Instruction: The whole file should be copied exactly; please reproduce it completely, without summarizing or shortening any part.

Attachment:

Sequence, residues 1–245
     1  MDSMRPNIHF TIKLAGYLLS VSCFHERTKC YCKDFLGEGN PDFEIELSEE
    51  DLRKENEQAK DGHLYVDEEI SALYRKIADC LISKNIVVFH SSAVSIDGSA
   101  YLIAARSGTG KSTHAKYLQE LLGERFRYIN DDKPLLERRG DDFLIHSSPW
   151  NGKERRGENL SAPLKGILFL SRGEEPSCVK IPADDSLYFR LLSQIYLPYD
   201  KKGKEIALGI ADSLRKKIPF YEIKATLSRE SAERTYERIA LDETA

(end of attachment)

Sequence, residues 1–245
     1  MDSMRPNIHF TIKLAGYLLS VSCFHERTKC YCKDFLGEGN PDFEIELSEE
    51  DLRKENEQAK DGHLYVDEEI SALYRKIADC LISKNIVVFH SSAVSIDGSA
   101  YLIAARSGTG KSTHAKYLQE LLGERFRYIN DDKPLLERRG DDFLIHSSPW
   151  NGKERRGENL SAPLKGILFL SRGEEPSCVK IPADDSLYFR LLSQIYLPYD
   201  KKGKEIALGI ADSLRKKIPF YEIKATLSRE SAERTYERIA LDETA